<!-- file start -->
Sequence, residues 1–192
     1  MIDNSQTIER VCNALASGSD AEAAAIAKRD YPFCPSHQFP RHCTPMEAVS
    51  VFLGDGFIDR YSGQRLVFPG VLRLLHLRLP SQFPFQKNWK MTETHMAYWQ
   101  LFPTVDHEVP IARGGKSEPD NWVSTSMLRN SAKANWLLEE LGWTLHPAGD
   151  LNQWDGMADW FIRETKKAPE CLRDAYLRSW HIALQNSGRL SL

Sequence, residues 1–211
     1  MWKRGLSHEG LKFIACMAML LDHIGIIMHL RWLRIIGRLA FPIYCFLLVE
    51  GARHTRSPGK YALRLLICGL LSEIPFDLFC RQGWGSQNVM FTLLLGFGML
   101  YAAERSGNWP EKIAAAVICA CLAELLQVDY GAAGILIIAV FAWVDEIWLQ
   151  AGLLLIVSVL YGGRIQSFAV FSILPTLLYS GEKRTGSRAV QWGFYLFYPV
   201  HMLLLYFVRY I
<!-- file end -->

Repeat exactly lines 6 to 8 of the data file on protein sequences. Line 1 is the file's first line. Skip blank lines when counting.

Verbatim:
Sequence, residues 1–211
     1  MWKRGLSHEG LKFIACMAML LDHIGIIMHL RWLRIIGRLA FPIYCFLLVE
    51  GARHTRSPGK YALRLLICGL LSEIPFDLFC RQGWGSQNVM FTLLLGFGML